20th Anniversary of Executive Order 12898 on Environmental Justice, 8819-8822 [2014-03380]

Download as PDF Vol. 79 Thursday, No. 30 February 13, 2014 Part III The President emcdonald on DSK67QTVN1PROD with NOTICES3 Proclamation 9082—20th Anniversary of Executive Order 12898 on Environmental Justice VerDate Mar<15>2010 19:08 Feb 12, 2014 Jkt 232001 PO 00000 Frm 00001 Fmt 4717 Sfmt 4717 E:\FR\FM\13FED0.SGM 13FED0 emcdonald on DSK67QTVN1PROD with NOTICES3 VerDate Mar<15>2010 19:08 Feb 12, 2014 Jkt 232001 PO 00000 Frm 00002 Fmt 4717 Sfmt 4717 E:\FR\FM\13FED0.SGM 13FED0 8821 Presidential Documents Federal Register Vol. 79, No. 30 Thursday, February 13, 2014 Title 3— Proclamation 9082 of February 10, 2014 The President 20th Anniversary of Executive Order 12898 on Environmental Justice By the President of the United States of America A Proclamation Two decades ago, President William J. Clinton directed the Federal Government to tackle a long-overlooked problem. Low-income neighborhoods, communities of color, and tribal areas disproportionately bore environmental burdens like contamination from industrial plants or landfills and indoor air pollution from poor housing conditions. These hazards worsen health disparities and reduce opportunity for residents—children who miss school due to complications of asthma, adults who struggle with medical bills. Executive Order 12898 affirmed every American’s right to breathe freely, drink clean water, and live on uncontaminated land. Today, as America marks 20 years of action, we renew our commitment to environmental justice for all. Because we all deserve the chance to live, learn, and work in healthy communities, my Administration is fighting to restore environments in our country’s hardest-hit places. After over a decade of inaction, we reconvened an Environmental Justice Interagency Working Group and invited more than 100 environmental justice leaders to a White House forum. Alongside tribal governments, we are working to reduce pollution on their lands. And to build a healthier environment for every American, we established the firstever national limits for mercury and other toxic emissions from power plants. emcdonald on DSK67QTVN1PROD with NOTICES3 While the past two decades have seen great progress, much work remains. In the years to come, we will continue to work with States, tribes, and local leaders to identify, aid, and empower areas most strained by pollution. By effectively implementing environmental laws, we can improve quality of life and expand economic opportunity in overburdened communities. And recognizing these same communities may suffer disproportionately due to climate change, we must cut carbon emissions, develop more homegrown clean energy, and prepare for the impacts of a changing climate that we are already feeling across our country. As we mark this day, we recall the activists who took on environmental challenges long before the Federal Government acknowledged their needs. We remember how Americans—young and old, on college campuses and in courtrooms, in our neighborhoods and through our places of worship— called on a Nation to pursue clean air, water, and land for all people. On this anniversary, let us move forward with the same unity, energy, and passion to live up to the promise that here in America, no matter who you are or where you come from, you can pursue your dreams in a safe and just environment. NOW, THEREFORE, I, BARACK OBAMA, President of the United States of America, by virtue of the authority vested in me by the Constitution and the laws of the United States, do hereby proclaim February 11, 2014, as the 20th Anniversary of Executive Order 12898 on Environmental Justice. I call upon all Americans to observe this day with programs and activities that promote environmental justice and advance a healthy, sustainable future. VerDate Mar<15>2010 19:08 Feb 12, 2014 Jkt 232001 PO 00000 Frm 00003 Fmt 4705 Sfmt 4790 E:\FR\FM\13FED0.SGM 13FED0 8822 Federal Register / Vol. 79, No. 30 / Thursday, February 13, 2014 / Presidential Documents IN WITNESS WHEREOF, I have hereunto set my hand this tenth day of February, in the year of our Lord two thousand fourteen, and of the Independence of the United States of America the two hundred and thirty-eighth. [FR Doc. 2014–03380 Filed 2–12–14; 11:15 am] VerDate Mar<15>2010 19:08 Feb 12, 2014 Jkt 232001 PO 00000 Frm 00004 Fmt 4705 Sfmt 4790 E:\FR\FM\13FED0.SGM 13FED0 OB#1.EPS</GPH> emcdonald on DSK67QTVN1PROD with NOTICES3 Billing code 3295–F4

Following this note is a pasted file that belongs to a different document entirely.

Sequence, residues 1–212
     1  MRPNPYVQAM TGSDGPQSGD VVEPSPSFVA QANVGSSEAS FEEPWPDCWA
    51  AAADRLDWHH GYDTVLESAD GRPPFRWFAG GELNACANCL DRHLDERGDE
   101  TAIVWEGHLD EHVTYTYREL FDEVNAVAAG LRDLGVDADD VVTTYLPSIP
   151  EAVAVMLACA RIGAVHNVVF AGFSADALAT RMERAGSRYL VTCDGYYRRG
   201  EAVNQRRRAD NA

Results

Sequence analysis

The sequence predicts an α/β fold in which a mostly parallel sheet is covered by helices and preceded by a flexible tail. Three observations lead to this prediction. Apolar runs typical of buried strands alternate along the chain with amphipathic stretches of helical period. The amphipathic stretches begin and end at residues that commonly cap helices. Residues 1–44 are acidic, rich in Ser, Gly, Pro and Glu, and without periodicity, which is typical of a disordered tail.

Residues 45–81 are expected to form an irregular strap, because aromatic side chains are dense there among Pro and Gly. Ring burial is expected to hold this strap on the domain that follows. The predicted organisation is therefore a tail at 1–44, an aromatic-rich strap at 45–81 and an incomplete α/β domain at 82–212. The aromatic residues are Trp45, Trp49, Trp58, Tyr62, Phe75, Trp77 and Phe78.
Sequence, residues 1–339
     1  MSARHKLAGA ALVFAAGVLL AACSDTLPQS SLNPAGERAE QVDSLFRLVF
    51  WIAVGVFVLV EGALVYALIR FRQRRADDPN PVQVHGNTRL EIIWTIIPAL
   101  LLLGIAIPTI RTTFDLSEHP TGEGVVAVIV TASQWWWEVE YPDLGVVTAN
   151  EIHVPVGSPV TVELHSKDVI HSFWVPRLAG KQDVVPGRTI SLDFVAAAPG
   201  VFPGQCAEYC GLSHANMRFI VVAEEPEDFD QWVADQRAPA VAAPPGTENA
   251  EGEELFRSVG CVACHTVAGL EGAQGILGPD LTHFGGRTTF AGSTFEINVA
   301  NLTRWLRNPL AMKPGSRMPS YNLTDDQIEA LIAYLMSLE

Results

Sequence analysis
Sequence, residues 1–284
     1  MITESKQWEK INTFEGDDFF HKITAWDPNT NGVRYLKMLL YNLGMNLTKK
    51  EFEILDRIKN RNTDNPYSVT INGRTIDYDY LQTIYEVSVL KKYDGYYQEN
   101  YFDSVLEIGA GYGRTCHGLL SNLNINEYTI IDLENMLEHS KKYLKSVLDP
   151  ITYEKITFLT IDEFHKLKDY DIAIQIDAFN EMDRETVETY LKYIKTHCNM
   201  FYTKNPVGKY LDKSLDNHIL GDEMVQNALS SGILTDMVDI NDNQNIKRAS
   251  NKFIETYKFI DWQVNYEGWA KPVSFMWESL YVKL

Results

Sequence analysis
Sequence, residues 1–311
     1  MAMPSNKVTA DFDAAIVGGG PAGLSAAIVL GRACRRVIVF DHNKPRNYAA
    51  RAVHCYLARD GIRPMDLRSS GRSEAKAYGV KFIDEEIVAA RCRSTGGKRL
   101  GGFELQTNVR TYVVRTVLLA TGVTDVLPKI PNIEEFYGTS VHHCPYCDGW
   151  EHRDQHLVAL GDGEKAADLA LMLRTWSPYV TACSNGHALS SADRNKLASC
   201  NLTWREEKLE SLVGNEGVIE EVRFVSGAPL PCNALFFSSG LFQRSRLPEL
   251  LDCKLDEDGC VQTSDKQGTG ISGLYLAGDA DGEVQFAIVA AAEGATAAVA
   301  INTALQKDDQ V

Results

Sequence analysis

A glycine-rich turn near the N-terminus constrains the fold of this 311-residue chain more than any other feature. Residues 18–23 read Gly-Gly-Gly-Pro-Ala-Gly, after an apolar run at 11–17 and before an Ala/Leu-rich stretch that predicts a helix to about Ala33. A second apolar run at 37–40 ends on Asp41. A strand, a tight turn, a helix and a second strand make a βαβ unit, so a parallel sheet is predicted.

Agencies

[Federal Register Volume 79, Number 30 (Thursday, February 13, 2014)]
[Presidential Documents]
[Pages 8819-8822]
From the Federal Register Online via the Government Printing Office [www.gpo.gov]
[FR Doc No: 2014-03380]



[[Page 8819]]

Vol. 79

Thursday,

No. 30

February 13, 2014

Part III





The President





-----------------------------------------------------------------------



Proclamation 9082--20th Anniversary of Executive Order 12898 on